UBC researchers have identified a new group of enzymes that can turn any blood type into the universally usable type O.
Blood type is determined by the presence of antigens on the surface of red blood cells, and antigens can trigger an immune response if they are foreign to the body; therefore, transfusion patients should receive either their own blood type or type O to avoid a reaction.
Removing antigens from blood effectively transforms it into type O. Lead researcher Stephen Withers, a professor of chemistry at UBC, and his team previously developed enzymes that were capable of doing so, but this latest study identifies a more powerful group of enzymes found in the human gut.
The researchers sampled DNA from millions of microorganisms found in environmental samples—a technique known as metagenomics—to find an environment in which the desired enzymes might be found. They eventually focused on the mucosal lining of the human gut, which contains sugars that are similar in structure to blood antigens.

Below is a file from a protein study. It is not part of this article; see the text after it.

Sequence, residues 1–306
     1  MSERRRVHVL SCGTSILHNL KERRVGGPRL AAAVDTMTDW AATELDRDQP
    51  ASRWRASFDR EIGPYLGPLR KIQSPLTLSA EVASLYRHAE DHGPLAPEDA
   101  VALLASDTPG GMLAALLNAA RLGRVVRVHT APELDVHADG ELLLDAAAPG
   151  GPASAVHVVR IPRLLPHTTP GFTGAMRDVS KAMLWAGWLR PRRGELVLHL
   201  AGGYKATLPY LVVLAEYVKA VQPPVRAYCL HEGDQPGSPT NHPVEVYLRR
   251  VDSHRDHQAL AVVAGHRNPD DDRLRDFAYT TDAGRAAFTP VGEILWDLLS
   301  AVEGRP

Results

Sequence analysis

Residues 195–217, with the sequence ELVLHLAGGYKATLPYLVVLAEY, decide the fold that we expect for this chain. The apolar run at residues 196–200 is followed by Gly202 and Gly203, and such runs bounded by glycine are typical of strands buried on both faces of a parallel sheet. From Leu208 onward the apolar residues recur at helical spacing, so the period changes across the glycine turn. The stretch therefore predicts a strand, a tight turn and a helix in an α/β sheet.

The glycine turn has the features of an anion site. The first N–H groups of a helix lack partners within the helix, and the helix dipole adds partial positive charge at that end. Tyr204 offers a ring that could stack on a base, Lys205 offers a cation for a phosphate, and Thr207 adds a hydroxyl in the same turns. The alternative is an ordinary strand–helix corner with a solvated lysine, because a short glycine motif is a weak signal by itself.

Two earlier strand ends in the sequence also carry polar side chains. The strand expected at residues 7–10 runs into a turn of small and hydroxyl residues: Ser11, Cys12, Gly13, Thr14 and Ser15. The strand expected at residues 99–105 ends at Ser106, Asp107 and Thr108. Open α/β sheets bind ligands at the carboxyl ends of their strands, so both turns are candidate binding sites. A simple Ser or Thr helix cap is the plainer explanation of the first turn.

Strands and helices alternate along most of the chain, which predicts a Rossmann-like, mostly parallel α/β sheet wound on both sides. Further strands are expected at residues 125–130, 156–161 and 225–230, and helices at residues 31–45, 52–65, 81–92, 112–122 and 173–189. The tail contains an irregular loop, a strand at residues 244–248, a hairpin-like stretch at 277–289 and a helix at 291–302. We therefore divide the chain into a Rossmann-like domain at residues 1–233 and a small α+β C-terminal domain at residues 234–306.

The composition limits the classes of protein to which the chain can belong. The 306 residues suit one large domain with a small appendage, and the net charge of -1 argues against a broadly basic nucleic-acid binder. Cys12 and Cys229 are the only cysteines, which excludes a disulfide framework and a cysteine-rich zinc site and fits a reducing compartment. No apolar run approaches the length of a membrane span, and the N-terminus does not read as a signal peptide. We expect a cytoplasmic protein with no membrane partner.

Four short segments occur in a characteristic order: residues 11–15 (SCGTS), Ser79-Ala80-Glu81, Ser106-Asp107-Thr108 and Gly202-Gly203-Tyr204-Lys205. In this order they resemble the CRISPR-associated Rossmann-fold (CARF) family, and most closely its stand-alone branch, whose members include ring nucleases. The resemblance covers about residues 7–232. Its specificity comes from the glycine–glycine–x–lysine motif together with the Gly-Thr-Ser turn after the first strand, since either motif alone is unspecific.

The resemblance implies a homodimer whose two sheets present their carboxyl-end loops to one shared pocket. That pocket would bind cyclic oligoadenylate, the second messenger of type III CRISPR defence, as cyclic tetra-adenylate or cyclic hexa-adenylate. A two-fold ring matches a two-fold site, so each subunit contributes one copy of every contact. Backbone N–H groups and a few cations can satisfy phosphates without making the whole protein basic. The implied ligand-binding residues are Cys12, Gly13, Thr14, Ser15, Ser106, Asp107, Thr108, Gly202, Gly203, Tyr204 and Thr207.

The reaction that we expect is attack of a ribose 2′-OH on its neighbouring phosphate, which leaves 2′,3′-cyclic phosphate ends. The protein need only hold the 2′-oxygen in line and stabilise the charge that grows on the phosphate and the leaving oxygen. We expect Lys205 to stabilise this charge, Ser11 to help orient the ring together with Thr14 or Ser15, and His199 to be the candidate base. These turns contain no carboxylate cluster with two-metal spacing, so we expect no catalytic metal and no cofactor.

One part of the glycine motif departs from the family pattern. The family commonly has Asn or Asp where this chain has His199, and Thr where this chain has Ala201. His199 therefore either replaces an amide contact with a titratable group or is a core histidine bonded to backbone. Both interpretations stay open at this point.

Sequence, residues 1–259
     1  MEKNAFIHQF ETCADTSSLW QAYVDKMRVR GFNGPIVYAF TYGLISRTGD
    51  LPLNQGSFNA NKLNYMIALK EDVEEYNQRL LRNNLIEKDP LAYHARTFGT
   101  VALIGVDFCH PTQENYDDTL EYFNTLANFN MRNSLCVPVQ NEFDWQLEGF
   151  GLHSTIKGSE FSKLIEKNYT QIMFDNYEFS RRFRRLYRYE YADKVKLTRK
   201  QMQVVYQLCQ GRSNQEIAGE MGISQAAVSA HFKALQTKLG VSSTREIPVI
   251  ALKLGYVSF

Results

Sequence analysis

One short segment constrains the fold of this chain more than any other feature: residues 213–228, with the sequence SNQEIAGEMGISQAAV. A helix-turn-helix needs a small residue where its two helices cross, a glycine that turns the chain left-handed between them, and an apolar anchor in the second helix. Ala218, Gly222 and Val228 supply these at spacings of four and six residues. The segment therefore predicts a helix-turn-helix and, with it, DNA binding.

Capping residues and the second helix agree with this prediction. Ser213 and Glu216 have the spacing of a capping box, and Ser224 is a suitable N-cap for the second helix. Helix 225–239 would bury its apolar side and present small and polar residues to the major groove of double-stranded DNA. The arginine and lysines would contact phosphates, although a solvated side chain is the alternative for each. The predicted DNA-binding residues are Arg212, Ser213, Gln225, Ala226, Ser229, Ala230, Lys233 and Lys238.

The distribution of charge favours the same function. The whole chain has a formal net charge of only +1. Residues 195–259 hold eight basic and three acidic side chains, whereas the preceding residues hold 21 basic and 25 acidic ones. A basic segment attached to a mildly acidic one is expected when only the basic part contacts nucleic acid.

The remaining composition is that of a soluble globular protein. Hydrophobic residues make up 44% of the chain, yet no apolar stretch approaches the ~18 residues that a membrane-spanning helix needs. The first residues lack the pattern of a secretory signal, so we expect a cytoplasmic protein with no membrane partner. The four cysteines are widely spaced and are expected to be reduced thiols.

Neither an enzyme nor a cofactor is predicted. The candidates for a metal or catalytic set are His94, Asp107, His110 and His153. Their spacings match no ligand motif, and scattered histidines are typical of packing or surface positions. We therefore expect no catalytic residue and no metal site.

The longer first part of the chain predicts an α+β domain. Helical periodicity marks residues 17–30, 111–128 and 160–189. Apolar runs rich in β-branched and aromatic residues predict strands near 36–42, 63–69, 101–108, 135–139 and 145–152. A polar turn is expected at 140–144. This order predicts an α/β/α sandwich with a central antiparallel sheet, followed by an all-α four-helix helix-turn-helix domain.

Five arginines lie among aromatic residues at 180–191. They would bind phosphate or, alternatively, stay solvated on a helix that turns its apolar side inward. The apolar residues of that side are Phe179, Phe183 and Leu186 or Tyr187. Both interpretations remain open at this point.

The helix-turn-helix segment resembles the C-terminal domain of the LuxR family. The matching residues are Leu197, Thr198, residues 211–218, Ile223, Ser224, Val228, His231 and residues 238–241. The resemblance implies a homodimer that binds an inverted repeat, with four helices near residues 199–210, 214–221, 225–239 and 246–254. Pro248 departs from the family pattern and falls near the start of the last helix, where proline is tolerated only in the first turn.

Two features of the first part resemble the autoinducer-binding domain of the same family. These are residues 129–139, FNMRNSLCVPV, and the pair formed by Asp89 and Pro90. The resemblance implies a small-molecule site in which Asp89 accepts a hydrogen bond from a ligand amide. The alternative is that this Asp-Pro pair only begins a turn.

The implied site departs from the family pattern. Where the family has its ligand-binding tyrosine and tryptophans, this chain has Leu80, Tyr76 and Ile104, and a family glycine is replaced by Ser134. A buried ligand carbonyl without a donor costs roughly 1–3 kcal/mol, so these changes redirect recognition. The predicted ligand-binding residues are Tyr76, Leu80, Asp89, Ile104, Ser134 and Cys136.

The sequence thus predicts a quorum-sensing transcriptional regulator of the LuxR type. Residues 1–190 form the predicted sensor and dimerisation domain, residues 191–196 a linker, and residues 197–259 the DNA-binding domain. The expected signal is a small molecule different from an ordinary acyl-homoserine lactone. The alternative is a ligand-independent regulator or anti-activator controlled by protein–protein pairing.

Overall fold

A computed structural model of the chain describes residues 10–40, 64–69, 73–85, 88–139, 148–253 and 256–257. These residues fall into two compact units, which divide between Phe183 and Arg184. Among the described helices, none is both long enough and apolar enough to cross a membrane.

By homing in on the bacteria feeding on those sugars, they isolated the enzymes the bacteria use to pluck off the sugar molecules. They then produced quantities of those enzymes through cloning and found that they were capable of performing a similar action on blood antigens.
Withers and his colleagues—UBC microbiologist Steven Hallam and pathologist Jay Kizhakkedathu of the Centre for Blood Research at UBC—are applying for a patent on the new enzymes and are hoping to test them on a larger scale in the future, in preparation for clinical testing.
The study, funded by the Canadian Institutes of Health Research, was presented at the American Chemical Society’s annual meeting in Boston in August 2018.
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